The simple answer is "as much as you can afford." Look for a minimum of around 50 to 80 watts per channel.
You can't have too much power, but you can have too little. Surprisingly, small speakers sometimes require more power than larger ones. Check the power ratings for your speakers and don't go under that. It's best to get more power than you think you'll need.
See Power Ratings in the Buying Tips tab of this page for more details.
Nearly all A/V receivers now include room calibration to help you fine-tune your speaker placement. It uses a microphone (generally included) and self-generated test tones. The more expensive the receiver is, the more sophisticated the circuitry.
Full-featured A/V receivers offer many additional features that can improve your experience. Here are a few to look for:
Although the owner's manuals for A/V receivers can seem more complicated than the products themselves, reading some manuals before you buy can help you make a better choice and save you a lot of time later.
The use of separate components—specifically, power amplifiers and preamplifiers (or control centers)—is an alternative to A/V receivers. Advantages include:
The disadvantages of using separate components include:
These prematched systems offer a number of advantages:
Sound bars are a very room-friendly alternative to separate loudspeakers. Many offer "virtual surround," simulating a five-speaker setup from just two channels.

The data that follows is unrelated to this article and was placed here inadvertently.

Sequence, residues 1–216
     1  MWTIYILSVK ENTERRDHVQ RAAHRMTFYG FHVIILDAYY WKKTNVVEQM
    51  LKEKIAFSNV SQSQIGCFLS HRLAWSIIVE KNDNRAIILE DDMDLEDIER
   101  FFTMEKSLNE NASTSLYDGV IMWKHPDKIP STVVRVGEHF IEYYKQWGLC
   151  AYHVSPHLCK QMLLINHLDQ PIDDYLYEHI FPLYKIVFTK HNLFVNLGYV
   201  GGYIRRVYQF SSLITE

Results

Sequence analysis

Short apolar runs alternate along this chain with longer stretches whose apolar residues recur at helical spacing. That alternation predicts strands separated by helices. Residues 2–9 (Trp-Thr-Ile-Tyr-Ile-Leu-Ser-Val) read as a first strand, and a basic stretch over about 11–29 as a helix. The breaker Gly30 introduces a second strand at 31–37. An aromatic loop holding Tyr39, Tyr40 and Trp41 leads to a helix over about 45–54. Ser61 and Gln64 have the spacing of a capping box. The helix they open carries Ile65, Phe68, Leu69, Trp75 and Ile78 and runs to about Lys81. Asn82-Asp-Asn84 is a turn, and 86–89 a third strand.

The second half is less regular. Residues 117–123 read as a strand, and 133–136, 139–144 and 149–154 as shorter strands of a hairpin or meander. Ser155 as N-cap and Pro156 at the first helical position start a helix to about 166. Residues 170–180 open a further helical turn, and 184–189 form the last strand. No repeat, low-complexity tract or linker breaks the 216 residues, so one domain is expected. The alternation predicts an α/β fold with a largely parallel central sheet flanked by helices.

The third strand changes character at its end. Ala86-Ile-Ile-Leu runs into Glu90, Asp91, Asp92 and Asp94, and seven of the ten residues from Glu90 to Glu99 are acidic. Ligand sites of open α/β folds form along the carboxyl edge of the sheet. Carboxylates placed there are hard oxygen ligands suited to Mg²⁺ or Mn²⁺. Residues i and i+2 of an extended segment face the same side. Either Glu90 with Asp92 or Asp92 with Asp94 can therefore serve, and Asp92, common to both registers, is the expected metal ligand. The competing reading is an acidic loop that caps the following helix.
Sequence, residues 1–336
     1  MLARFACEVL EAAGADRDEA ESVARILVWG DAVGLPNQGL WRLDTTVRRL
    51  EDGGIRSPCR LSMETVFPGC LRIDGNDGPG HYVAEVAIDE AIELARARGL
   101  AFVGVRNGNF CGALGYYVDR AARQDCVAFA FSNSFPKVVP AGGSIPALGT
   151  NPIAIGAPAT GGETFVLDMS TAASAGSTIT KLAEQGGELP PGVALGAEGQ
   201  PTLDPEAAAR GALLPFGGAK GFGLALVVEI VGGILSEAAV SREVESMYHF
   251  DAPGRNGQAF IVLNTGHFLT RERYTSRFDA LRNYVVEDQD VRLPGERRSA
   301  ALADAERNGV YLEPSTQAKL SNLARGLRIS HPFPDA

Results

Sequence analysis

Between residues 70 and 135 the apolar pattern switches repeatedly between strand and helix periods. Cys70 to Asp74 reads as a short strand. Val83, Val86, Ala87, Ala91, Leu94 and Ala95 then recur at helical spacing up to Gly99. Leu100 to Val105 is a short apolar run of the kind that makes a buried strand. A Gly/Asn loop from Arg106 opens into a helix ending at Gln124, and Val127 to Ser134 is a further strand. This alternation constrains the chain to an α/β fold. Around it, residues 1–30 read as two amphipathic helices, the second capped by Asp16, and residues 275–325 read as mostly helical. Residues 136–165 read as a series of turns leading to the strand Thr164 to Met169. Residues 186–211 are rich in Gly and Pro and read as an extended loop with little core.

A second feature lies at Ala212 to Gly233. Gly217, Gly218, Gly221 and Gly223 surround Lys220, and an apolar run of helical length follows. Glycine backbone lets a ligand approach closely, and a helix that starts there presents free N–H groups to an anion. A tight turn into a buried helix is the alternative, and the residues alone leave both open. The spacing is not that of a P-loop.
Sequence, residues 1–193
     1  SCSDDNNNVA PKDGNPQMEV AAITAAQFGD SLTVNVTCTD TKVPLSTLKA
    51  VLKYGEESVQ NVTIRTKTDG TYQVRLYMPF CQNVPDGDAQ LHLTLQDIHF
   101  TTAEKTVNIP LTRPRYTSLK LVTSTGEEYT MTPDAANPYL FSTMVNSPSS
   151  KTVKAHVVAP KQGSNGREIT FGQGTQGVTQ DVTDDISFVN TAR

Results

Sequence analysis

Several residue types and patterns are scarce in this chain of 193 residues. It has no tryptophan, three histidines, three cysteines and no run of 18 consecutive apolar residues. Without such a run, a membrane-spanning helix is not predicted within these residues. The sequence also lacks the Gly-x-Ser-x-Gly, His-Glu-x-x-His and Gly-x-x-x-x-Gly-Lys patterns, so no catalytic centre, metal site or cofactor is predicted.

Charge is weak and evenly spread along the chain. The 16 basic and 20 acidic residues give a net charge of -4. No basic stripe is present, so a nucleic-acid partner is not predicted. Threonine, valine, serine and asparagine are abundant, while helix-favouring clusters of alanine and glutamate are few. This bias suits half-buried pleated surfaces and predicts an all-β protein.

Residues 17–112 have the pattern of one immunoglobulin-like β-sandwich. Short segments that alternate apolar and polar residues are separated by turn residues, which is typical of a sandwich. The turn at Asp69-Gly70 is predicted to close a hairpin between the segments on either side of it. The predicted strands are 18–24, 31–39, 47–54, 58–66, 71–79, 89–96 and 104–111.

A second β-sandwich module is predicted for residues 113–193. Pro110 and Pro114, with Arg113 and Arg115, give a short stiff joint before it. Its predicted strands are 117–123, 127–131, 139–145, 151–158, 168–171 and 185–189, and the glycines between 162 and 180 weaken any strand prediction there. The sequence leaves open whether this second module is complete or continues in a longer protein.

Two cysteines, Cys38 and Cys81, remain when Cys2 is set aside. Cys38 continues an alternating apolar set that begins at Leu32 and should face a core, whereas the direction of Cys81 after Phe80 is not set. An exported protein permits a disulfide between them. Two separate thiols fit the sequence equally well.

As with any system, there are trade-offs:
Your speakers need similar "sound signatures" to create the most convincing surround effects. Choosing all your speakers from the same manufacturer will help ensure that consistency.
Most of the major manufacturers now offer prematched home theater sets, saving you the trouble of finding the separate speakers yourself.
Most receivers include Dolby Pro Logic II (or IIx or IIz) that can generate surround sound from any stereo source:
The effect will vary, but live recordings in particular will deliver dramatic spaciousness.
If your receiver offers Music and Movie modes, use those modes for listening and viewing.
Strangely enough, MP3 music recordings that sound great through earbuds on your commute probably won't sound as good on your home theater, especially at higher volumes. MP3 files are highly compressed, and you'll hear the difference very quickly.
Receivers and amplifiers are rated in watts per channel. A typical specification (or spec) for an A/V receiver is 100 W × 5, meaning that each of the five channels can deliver 100 watts.
Ideally, all channels would be capable of delivering those 100 watts simultaneously, but this is usually the case only for top-of-the-line models or separate power amplifiers.
In everyday use, it doesn't matter that much—it's very rare for any movie soundtrack or music to reach peak levels in all five channels at the same time.
Although most speakers will play pretty loudly with only a few watts of input, you need the extra power to handle peaks, such as the sound of a gunshot.
Every 3 decibel (dB) increase in sound level (the minimum increase you can hear) requires doubling the power. A change in sound from 85 dB to 105 dB could easily mean going from 1 to 100 watts, even for an instant.